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Sermon: Jesus is the Lord of History (Revelation 1:4-8)

Last week I preached a sermon entitled Jesus is the Lord of History (Revelation 1:4-8). I’ve decided I’m going to start posting my sermon outlines as both an aid to the members of Fellowship Louisville as well as a platform to discuss my reflections on preaching in general.

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In every sermon I preach I try to identify two major components: the Fallen Condition Focus (FCF) and the Redemptive Solution (RS). I learned these from Bryan Chapel in his book Christ-Centered Preaching.

  1. Fallen Condition Focus: The FCF is the aspect of our fallen condition that we share with the original readers. This could be anything from worry, fear, and anxiety to grief, despair, or even death. The FCF is not necessarily a sin we must repent of, though often it is. It can be any aspect of our lives in a fallen world that Christ will ultimately redeem.
  2. Redemptive Solution: The RS is the answer the text gives to our fallen condition. Since our fallen condition is redeemed only through the person and work of Christ, identifying the RS is vital to making sermons Christ-centered and gospel-focussed.

In my introductions I work hard to expose the fallen condition. My aim in the introduction is to making everybody in the room feel the FCF at a personal level. If I’ve done my job well in the introduction, people are waiting eagerly for the RS of the text. Furthermore, if the entire sermon is set up as an answer to one’s fallen condition, the entire sermon is application. Thus, I rarely end sermons with lists of applications, though sometimes that is effective.

So without further ado, here’s my outline from last Sunday. You can find the audio here.

Jesus is The Lord of History (Revelation 1:4-8)

FCF: Our circumstances have the unique ability to blind us to the presence and power of Jesus in our lives.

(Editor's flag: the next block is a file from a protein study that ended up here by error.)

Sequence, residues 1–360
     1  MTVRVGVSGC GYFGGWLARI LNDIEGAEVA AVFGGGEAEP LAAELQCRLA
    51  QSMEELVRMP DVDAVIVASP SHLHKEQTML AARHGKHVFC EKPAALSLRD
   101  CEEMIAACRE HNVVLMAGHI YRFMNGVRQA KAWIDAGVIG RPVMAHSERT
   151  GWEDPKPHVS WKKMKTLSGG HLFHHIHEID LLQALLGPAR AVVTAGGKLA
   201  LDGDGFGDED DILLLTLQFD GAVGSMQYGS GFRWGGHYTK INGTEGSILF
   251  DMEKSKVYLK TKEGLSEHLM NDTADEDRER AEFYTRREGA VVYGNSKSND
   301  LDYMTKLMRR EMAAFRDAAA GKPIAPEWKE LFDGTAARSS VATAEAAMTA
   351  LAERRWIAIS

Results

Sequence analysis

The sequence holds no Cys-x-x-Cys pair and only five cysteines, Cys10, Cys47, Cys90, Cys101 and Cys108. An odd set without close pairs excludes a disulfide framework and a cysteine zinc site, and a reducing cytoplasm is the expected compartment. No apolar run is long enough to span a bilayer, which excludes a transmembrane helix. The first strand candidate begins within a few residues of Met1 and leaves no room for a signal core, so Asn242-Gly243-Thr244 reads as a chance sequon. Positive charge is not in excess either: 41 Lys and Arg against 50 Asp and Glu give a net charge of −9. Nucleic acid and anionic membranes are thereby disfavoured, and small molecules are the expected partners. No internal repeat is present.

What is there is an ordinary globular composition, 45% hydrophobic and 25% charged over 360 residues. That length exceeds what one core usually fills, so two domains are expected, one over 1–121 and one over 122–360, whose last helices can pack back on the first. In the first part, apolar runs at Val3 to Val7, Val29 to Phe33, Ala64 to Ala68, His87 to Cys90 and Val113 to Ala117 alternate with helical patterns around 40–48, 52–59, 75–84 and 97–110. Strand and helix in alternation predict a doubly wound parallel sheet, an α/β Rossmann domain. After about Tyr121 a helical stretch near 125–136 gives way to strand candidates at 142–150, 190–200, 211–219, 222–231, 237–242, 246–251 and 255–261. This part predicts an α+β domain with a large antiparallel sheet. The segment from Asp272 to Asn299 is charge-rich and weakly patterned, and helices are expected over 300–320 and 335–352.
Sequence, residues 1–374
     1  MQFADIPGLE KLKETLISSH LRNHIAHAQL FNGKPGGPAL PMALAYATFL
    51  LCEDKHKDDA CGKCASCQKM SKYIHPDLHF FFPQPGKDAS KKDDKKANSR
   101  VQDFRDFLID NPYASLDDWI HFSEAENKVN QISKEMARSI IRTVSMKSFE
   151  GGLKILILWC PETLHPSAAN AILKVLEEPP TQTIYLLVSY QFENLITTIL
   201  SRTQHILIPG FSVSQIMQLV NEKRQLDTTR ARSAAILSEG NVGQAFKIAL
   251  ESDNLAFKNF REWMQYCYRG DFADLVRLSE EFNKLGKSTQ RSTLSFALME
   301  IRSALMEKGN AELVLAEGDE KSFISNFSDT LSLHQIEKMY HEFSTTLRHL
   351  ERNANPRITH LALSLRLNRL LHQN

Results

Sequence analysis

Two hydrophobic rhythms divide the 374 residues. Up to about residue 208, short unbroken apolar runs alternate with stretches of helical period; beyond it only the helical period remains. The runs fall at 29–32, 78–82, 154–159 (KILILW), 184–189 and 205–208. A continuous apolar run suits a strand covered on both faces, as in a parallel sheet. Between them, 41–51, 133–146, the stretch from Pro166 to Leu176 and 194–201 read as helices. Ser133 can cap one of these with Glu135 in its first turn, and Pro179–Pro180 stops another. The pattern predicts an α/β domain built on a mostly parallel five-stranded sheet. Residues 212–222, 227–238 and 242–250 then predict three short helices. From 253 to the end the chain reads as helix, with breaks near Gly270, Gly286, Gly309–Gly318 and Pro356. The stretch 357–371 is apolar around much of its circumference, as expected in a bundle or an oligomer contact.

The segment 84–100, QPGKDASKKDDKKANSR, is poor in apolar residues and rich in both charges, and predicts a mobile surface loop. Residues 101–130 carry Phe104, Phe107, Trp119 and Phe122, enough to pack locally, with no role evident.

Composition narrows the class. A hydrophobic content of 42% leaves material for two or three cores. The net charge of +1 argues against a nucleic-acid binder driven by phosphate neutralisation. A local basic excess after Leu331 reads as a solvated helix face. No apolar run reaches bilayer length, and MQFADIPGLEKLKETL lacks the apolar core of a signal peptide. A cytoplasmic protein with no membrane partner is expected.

RS: John is writing to remind us that Jesus is the Lord of history and our lives rest in his hands.

1. Jesus Is in Control of History (4-5a)  4 John to the seven churches that are in Asia: Grace to you and peace from him who is and who was and who is to come, and from the seven spirits who are before his throne, 5 and from Jesus Christ the faithful witness, the firstborn of the dead, and the ruler of kings on earth.

  • Because Jesus is the God of History Grace to you and peace from him who is and who was and who is to come, and from the seven spirits who are before his throne, 5 and from Jesus Christ
  • Because Jesus is the Redeemer of History [Grace to you and peace]...from Jesus Christ the faithful witness, the firstborn of the dead, and the ruler of kings on earth.

2. Jesus Redeemed His People To Play a Central Role in History (5b-6)

  • What Jesus Redeemed Us From 5 To him who loves us and has freed us from our sins by his blood
  • What Jesus Redeemed Us For 6 and [Jesus] made us a kingdom, priests to his God and Father, to him be glory and dominion forever and ever. Amen.

3. Jesus Is Coming Again to Wrap Up History (7-8) 7 Behold, he is coming with the clouds, and every eye will see him, even those who pierced him, and all tribes of the earth will wail on account of him. Even so. Amen. 8 “I am the Alpha and the Omega,” says the Lord God, “who is and who was and who is to come, the Almighty.”

  • Jesus is Coming to Judge 7 Behold, he is coming with the clouds, and every eye will see him, even those who pierced him, and all tribes of the earth will wail on account of him.
  • Jesus is Coming to Save Even so. Amen.

Conclusion: Jesus is the Lord of History 8 “I am the Alpha and the Omega,” says the Lord God, “who is and who was and who is to come, the Almighty.”

Question: Do you think every sermon needs to be Christ-centered and gospel-focussed? What about obscure Old Testament sermons?

Comment(1)

  1. Reply
    Brandon Queen says

    I think Christ-centered preaching is crucial!! We’ve gotta be careful not to be artificial and cheesy with it, though. I’ve seen that done, too, and that’s counter-productive…

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